Dixie Anderson of the World Affairs Council of Western Michigan put the Business Journal in touch with Michael C. Maibach, who was in town this month as a guest of the council.
Maibach, a senior fellow at the Aspen Institute’s 21st Century Manufacturing program, first presented at the World Affairs Council years ago when he was vice president of global government affairs at Intel Corp. Since then, he served a 10-year stint as president/CEO of the European-American Business Council.
“Our members like his fast-talkin’, engaging and fun presentations. And did we mention, he is very opinionated,” wrote Anderson.
Maibach expounded on lessons we can learn from the Euro Crisis, which has been dragging on for three years. The crisis can be seen as a symptom of problems that also threaten the future economy of the U.S., he said.
The first problem is demographics, according to Maibach. All of Europe has an aging population, as well as a shrinking number of young workers due to a low birth rate. The rate in Italy and Spain is the lowest in history: 1.3 children per set of parents.
Maibach noted that Europeans retire early, compared to the U.S., typically between ages 58 and 62.
“Ironically, the Greeks are about the earliest to retire. They’re the poorest and the earliest to retire. That tells you something,” he said.
The next big problem is Europe’s social welfare model, which Maibach said is showing signs of deterioration. The government bankruptcies are fueled in part by a growing number of retirees living on government pensions without enough young workers to pay taxes to support it.
“So taxes go up, and young people have even fewer children — because the taxes are so high.”
In Germany, he said, 20 percent of the population is older than 65. That won’t happen in the U.S. for about 15 years, he said. And our national birth rate is about 2.1, so “we’re replacing ourselves — barely.” Immigrants in the U.S. — “both legal and illegal” — contribute to that birth rate, he added.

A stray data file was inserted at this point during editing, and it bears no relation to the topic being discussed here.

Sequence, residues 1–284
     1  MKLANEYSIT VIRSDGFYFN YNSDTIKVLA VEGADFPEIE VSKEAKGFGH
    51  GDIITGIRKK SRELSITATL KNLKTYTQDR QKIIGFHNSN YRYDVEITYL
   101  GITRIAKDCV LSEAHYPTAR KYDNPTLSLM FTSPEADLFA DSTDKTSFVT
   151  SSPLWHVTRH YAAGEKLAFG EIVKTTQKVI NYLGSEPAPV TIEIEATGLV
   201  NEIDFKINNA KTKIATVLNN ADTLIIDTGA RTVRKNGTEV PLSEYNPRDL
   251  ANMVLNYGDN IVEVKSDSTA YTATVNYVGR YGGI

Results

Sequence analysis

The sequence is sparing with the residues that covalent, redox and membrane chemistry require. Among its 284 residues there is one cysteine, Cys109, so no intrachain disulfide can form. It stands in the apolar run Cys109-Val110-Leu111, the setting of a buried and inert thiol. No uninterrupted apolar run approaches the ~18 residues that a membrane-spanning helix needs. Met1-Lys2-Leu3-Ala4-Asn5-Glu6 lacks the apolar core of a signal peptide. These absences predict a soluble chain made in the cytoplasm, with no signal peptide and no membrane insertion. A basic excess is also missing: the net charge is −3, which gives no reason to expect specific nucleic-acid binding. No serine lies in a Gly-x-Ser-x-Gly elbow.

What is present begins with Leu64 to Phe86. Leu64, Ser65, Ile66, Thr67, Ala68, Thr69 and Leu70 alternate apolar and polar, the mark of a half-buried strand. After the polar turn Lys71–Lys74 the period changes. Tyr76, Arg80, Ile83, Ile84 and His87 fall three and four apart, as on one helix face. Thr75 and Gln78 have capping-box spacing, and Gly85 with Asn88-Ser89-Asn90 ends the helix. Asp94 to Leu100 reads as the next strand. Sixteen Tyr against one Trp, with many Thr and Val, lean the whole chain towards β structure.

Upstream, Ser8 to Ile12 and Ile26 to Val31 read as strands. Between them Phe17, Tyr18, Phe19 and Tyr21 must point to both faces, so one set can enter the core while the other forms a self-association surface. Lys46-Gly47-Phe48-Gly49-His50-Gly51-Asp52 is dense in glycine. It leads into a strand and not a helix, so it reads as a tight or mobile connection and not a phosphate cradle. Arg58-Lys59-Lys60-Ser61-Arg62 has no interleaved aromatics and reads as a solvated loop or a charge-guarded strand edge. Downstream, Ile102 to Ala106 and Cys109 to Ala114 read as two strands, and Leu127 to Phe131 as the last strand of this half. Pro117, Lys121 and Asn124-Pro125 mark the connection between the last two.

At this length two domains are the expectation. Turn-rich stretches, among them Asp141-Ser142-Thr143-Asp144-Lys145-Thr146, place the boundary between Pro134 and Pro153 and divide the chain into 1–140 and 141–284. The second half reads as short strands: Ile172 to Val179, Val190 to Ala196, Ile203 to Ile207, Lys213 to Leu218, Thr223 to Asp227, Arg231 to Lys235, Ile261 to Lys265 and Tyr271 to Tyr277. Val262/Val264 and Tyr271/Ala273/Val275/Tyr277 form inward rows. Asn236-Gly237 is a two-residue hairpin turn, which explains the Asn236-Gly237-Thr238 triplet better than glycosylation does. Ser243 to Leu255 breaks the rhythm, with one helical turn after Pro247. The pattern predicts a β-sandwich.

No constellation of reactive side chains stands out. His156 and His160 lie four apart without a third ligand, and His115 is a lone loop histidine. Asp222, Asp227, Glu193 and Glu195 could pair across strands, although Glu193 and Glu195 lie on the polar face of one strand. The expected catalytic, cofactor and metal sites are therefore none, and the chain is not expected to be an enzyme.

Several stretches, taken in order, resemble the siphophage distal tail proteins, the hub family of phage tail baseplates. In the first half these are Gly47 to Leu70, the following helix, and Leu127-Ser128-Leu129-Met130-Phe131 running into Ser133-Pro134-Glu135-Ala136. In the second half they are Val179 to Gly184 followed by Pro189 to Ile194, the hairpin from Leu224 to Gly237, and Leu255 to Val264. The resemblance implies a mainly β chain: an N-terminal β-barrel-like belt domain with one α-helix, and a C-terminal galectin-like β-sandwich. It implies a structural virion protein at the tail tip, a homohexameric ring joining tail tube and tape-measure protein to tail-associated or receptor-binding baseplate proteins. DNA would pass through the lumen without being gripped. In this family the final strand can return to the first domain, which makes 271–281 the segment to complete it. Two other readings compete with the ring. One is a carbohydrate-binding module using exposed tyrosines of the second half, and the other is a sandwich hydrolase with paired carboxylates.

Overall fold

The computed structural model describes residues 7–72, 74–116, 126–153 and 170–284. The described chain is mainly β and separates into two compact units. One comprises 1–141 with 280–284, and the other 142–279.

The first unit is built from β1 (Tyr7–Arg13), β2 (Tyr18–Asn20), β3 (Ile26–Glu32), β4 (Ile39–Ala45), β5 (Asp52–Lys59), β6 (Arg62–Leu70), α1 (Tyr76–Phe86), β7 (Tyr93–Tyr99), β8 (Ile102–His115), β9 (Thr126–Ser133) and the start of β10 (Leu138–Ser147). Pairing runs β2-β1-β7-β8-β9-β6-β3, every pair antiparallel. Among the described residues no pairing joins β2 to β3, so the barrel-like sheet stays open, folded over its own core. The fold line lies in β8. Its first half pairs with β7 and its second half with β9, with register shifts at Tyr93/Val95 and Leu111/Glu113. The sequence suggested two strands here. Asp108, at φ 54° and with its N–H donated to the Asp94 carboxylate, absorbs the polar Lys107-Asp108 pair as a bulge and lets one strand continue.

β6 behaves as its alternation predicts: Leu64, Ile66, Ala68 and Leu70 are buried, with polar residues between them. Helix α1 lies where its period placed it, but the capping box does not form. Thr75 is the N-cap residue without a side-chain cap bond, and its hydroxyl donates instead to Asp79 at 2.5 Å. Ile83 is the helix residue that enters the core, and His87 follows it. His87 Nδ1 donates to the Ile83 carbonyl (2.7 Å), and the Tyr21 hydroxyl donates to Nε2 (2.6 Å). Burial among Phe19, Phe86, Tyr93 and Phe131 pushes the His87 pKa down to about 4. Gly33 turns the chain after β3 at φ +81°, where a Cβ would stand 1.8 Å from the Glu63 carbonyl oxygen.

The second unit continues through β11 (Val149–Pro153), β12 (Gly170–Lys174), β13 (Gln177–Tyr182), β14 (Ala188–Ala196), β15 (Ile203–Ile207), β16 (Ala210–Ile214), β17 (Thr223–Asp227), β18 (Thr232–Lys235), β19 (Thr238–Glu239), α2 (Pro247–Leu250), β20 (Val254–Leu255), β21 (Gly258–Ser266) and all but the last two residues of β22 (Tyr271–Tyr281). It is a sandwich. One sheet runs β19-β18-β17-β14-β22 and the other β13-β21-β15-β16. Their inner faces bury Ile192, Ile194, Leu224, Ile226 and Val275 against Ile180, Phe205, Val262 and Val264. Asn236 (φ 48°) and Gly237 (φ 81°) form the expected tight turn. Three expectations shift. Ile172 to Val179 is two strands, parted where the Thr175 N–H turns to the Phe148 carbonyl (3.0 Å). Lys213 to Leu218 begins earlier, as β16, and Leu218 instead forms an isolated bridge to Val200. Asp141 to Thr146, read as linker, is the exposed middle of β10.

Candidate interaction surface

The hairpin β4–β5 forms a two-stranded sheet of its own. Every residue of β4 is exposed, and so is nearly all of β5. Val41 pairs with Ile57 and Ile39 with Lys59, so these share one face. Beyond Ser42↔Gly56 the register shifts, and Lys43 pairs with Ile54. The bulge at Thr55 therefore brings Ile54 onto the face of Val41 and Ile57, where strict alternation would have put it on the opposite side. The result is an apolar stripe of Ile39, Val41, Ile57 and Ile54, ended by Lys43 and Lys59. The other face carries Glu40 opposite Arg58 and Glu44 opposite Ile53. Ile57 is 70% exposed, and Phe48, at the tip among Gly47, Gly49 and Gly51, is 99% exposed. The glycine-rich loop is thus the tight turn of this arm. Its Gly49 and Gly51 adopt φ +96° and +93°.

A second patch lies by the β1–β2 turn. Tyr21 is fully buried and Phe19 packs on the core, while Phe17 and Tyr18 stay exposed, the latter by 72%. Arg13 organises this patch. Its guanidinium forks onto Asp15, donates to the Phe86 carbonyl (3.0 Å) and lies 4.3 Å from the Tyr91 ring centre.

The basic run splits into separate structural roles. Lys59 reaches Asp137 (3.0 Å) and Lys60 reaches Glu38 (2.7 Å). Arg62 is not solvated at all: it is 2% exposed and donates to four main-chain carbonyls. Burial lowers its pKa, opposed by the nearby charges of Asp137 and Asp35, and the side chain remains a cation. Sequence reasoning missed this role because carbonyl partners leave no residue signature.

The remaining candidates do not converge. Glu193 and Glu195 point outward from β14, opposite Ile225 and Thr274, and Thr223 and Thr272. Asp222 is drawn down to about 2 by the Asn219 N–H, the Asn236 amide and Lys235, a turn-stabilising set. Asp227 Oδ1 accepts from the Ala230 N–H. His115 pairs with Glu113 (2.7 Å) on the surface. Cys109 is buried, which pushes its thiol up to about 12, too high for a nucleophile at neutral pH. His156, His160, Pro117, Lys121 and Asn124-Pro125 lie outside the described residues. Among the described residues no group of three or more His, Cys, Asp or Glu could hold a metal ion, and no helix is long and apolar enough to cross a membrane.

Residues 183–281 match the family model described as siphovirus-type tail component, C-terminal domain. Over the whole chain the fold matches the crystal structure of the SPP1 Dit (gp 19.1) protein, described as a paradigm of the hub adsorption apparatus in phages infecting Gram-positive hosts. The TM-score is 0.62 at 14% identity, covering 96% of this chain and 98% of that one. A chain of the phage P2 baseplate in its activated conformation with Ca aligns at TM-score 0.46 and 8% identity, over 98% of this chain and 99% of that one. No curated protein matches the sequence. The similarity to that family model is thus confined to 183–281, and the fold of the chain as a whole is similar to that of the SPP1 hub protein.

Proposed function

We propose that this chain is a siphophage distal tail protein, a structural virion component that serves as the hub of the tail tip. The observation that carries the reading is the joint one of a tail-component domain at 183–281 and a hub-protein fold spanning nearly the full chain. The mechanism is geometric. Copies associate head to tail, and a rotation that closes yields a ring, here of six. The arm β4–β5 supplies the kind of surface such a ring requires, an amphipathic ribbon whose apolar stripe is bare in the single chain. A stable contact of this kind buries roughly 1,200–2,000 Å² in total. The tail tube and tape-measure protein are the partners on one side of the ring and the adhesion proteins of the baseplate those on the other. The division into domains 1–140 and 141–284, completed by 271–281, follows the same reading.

The third big problem in Europe, he said, is increasing government regulation of business and inflexible unions. “And we’re getting some of that here, under the Obama administration,” he said.
GM closed U.S. plants when it had to, he said, but in France, a company’s decision to close a manufacturing plant would be fought tooth-and-nail by both the unions and government and probably would take three years to happen — and even then, the company might face fines.
Sarbanes-Oxley, Dodd-Frank and Obamacare were “all 2,000-page pieces of legislation,” with many more pages of regulations issued by government bureaucracies, and the IRS tax code is now 75,000 pages, he said.
“Europe has that same regulatory mindset that we’ve gotten into in the last five, six years in the United States, with these huge bills that nobody reads, and then these bureaucracies spin out all this regulation. And companies just throw up their hands and say, ‘What are we going to do?’”
Europe is our largest investor and largest trading partner, said Maibach.
“There is more U.S. investment in Ireland than in India, Brazil and China combined.”
Seventy percent of foreign investment in the U.S. is from the European nations, and 50 percent of investment in Europe is from the U.S., he said. In fact, he claims that 25 percent of this country’s financial relationship with Europe is trade, and the remaining 75 percent is investment.
“Companies sell all over the world but only invest where they think it’s safe (and) with a good work force,” said Maibach.